Written by: Derrick Spies
Every game reserve in South Africa goes through periods of loss and new life and Pumba Private Game Reserve is no exception.
The reserve recently lost a very influential member of the Eastern Cape’s natural history with the passing of Hapoor Junior, but on a positive note welcomed some new arrivals between October and February this year.
Hapoor Junior (aged 58) was the Eastern Cape’s most famous elephant bull. He was sired by legendary Hapoor, the dominating bull who reigned over all in the Addo Elephant National Park from 1944 – 1958.
Hapoor Junior was born in the Addo Elephant National Park in 1954. He wasrelocated to Pumba Private Game Reserve in 2005, when the Addo Elephant National Park decided to relocate twelve big bulls to Private Reserves in the Eastern Cape, to diminish the competition and fighting amongst the bulls in Addo.
At the time of relocation, Hapoor Junior had been the dominating bull in Addo for 26 years, during which time he had killed eight other bulls who had challenged his dominance. Hapoor passed away from injuries sustained when he was attacked by his brother Nick, another dominant bull, last month.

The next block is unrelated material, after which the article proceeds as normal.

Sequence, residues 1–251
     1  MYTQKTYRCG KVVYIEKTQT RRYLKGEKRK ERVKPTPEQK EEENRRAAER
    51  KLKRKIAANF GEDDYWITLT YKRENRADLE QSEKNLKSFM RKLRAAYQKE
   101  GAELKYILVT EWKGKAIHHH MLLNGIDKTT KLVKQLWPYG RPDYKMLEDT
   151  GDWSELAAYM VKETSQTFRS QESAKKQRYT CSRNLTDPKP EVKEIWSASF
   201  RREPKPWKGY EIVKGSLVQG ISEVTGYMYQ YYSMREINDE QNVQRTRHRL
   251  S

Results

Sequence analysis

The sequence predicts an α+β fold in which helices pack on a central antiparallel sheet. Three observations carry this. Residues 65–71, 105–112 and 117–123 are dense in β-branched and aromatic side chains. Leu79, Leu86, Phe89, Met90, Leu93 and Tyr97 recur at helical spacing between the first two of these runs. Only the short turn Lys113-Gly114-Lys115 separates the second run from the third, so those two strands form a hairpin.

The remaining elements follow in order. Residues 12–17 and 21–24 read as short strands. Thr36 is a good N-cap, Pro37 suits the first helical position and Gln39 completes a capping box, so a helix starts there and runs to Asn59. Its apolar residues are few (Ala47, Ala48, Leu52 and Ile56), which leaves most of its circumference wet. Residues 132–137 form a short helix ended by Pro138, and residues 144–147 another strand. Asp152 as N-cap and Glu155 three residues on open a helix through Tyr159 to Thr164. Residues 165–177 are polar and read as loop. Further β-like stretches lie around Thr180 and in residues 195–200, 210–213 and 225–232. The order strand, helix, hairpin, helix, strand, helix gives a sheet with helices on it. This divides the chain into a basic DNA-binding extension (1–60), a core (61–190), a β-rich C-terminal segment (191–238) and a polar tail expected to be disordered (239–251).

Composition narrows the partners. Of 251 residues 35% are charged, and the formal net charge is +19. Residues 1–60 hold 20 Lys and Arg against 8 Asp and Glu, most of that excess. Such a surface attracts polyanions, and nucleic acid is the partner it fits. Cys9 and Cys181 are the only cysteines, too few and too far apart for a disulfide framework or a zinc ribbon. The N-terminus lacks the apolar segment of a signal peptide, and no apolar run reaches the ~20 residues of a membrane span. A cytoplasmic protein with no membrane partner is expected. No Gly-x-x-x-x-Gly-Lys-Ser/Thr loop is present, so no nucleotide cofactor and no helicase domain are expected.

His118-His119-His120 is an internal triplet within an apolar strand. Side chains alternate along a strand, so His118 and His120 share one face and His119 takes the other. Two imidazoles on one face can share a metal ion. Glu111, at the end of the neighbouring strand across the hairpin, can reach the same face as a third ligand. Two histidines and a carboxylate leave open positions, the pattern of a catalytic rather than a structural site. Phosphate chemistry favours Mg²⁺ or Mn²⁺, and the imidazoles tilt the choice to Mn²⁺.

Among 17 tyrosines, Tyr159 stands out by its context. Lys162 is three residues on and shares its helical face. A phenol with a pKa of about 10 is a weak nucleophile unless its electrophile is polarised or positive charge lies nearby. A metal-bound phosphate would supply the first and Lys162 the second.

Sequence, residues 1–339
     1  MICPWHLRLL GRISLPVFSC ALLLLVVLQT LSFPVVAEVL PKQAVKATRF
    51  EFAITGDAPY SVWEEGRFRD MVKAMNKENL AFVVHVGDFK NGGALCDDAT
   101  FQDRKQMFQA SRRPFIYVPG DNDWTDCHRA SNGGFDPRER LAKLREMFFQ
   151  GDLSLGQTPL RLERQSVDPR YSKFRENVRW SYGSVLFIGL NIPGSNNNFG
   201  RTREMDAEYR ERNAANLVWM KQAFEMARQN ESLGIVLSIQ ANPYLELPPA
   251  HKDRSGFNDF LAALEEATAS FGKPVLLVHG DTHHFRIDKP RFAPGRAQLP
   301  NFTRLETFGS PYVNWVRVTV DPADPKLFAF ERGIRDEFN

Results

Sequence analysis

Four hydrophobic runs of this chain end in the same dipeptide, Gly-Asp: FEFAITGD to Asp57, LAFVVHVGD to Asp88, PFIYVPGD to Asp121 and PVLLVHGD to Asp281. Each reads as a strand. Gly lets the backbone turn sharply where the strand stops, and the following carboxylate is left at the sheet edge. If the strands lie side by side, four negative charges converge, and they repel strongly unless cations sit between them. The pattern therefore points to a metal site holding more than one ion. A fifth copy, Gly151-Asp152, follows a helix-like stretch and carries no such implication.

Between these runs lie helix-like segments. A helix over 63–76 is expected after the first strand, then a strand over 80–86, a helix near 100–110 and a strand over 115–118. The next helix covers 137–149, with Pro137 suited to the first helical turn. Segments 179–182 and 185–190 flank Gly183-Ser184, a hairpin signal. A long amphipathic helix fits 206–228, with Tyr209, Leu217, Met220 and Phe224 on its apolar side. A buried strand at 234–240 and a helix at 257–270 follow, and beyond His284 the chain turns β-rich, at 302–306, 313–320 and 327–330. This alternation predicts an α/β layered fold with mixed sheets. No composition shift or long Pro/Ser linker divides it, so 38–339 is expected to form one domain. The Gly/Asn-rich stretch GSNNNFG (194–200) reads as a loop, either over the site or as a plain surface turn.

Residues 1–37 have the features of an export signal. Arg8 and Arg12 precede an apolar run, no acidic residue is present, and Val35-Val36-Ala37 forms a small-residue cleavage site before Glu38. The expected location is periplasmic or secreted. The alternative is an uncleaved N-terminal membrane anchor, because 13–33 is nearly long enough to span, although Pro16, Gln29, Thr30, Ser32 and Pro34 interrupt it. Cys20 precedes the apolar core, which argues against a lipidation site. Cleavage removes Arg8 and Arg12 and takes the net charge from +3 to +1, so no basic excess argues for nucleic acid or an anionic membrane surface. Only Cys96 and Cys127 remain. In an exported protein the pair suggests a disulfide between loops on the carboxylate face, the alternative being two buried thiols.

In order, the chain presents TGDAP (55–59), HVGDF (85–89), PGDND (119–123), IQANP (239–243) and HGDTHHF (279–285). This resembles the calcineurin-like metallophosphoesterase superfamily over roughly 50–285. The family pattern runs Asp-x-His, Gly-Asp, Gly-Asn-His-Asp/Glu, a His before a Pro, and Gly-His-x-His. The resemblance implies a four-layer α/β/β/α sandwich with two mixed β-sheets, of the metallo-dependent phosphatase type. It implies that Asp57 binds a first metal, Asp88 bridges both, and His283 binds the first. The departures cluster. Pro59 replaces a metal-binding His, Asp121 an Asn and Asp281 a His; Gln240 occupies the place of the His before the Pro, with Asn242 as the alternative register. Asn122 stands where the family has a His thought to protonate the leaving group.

Since October last year, three baby Hippopotamus have been conceived bringing the pod’s numbers to nine, filling the air with their characteristic calls which echo through the valleys, a highlight for of many guests’ stays.
The plains are active with an amazing variety of baby Wildebeest, Haartebeest, Eland, Zebra, Impala, Blesbuck, the infamous Warthog and an abundance of antelope.
The White Lioness and her cub have settled down well in their new environment exhibiting extremely good hunting skills, provided many a guest staying at Msenge Bush Lodge, with amazing sightings of them, while hunting Warthog and other plains game.
The Acacia Thickets scattered around the reserve, abound with new Giraffe calves, which are doing extremely well, since the Lions attention has shifted to easier game to prey upon.
The reserve is undoubtedly at its very best at the moment, following the prolonged drought experienced over a period of three years, which was broken just under a year ago. The Thickets and opens plains are full of colour and life, while insects busily go about their work looking for food and assisting in the future procreation of nature. It is truly magical, hardships have passed and new life has begun.